“Down to earth” by Betty Culley

“Down to earth” by Betty Culley. Crown Books for young readers, 210 pages, 8-12 years old. $ 16.99

The protagonist of “Down to Earth”, Henry, 10, has two obsessions. First, he learns everything he can on the rocks. But his main concern is the fear that he will never become a dowser like his father, grandfather and great-grandfather, that this special gift will be denied to him, as he was to one of his uncles. He is desperate to continue what is not just a family tradition, but the family business, which drills wells finding water trapped under the granite.

One day, he wakes up in the middle of the night “as if a voice is calling me” and comes out just in time to see a meteor light up the sky. As in the two galaxy picture books, Henry saw a revelation that night: Although he had read about the vastness of the cosmos, it was only “watching the light burst above I felt the reality, how big the universe is ”.

The giant meteorite comes to earth in a field above her house and becomes her new obsession, her special secret – until she sets off an underground gush. The torrent floods Henry’s house, dries up the town’s wells and pits the townspeople against his whole family.

It all sounds rather biblical for a book that initially seems heavily based on science. And it’s here that “Down to Earth” (by Mercer resident Betty Culley) falters, as it tries to merge hard science with the supernatural. It’s a difficult marriage. Certainly, there is a truly mysterious element in the art of dowsing – well captured by Culley here. But when the meteorite seems to cure Henry’s grandmother’s arthritis, and when a British scientist arrives and claims the meteorite caused the gush by simply drawing water, and he knew of one that once had started a flood that left half of the city of Nottingham, England. , underwater “like Atlantis”, while apparently curing his chronic illness – the story turns unbelievable.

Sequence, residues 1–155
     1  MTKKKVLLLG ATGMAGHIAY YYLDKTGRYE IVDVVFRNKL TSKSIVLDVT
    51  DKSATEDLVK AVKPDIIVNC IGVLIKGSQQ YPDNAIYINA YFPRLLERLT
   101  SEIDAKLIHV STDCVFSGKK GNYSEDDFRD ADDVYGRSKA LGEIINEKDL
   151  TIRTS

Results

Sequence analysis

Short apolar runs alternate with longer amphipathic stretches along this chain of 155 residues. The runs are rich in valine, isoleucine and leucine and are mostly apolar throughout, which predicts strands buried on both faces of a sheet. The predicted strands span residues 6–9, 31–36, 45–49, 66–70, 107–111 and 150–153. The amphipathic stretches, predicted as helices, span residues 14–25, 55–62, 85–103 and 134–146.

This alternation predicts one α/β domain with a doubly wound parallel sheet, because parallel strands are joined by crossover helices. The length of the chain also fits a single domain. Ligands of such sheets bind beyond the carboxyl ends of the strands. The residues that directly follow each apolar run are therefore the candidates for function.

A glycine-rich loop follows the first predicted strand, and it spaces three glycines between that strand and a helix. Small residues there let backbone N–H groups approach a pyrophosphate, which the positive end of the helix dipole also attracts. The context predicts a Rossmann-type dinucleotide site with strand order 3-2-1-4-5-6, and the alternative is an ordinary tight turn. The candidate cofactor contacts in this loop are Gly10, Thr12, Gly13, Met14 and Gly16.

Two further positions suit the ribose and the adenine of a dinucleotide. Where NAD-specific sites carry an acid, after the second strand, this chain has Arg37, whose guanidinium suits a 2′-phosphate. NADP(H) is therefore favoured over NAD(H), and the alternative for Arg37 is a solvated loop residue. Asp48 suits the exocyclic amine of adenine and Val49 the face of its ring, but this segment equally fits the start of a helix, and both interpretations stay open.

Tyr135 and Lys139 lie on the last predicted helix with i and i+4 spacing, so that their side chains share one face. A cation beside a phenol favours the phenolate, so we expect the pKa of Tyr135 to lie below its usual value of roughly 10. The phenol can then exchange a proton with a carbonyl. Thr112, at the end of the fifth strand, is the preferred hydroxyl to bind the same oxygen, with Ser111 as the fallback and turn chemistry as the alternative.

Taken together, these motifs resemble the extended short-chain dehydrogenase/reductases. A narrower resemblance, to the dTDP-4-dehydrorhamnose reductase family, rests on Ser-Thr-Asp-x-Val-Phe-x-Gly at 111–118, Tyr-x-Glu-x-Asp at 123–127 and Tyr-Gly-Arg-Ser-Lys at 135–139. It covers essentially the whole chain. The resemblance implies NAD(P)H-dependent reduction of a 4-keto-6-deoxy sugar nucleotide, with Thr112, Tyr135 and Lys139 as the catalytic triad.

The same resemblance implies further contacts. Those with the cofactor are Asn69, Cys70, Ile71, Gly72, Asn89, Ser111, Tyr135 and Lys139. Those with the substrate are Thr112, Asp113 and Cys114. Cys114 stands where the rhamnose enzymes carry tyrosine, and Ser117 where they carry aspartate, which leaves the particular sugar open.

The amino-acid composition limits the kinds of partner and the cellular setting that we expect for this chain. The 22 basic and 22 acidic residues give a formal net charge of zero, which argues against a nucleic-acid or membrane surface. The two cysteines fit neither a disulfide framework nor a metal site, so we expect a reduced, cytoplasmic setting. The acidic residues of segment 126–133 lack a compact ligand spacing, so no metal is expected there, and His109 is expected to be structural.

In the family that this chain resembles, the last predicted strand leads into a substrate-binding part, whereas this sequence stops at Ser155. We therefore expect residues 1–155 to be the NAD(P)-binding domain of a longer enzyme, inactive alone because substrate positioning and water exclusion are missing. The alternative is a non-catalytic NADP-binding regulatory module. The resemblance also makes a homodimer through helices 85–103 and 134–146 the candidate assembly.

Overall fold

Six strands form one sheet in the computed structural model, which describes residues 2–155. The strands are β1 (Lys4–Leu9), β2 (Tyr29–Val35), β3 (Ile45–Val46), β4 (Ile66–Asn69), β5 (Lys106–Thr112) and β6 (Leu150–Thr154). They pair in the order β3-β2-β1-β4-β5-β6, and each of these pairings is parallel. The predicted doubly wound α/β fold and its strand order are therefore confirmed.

But the main delights of this book are Culley’s loving description of three generations of a tight-knit family in a tight-knit rural town in Maine, and his knack for creating an environment that feels timeless. Although the story is set in 2002, it is more like the 1950s. Henry’s house is wood-fired and there are no cell phones, video games, or the internet (Henry’s homeschooled is based on the World Book Encyclopedia). Culley fills the story with authentic details: making maple syrup on the porch, drinking from canning jars (long before the hipsters did), a house that “smelled like the pine cones that mom used to use for. light the fire and the herbs she hung in the kitchen ceiling. ” Despite its cosmic overtones, the book is best when it is truly down-to-earth.

Amy MacDonald is a freelance writer and children’s book author who lives in Portland. She can be reached at [email protected]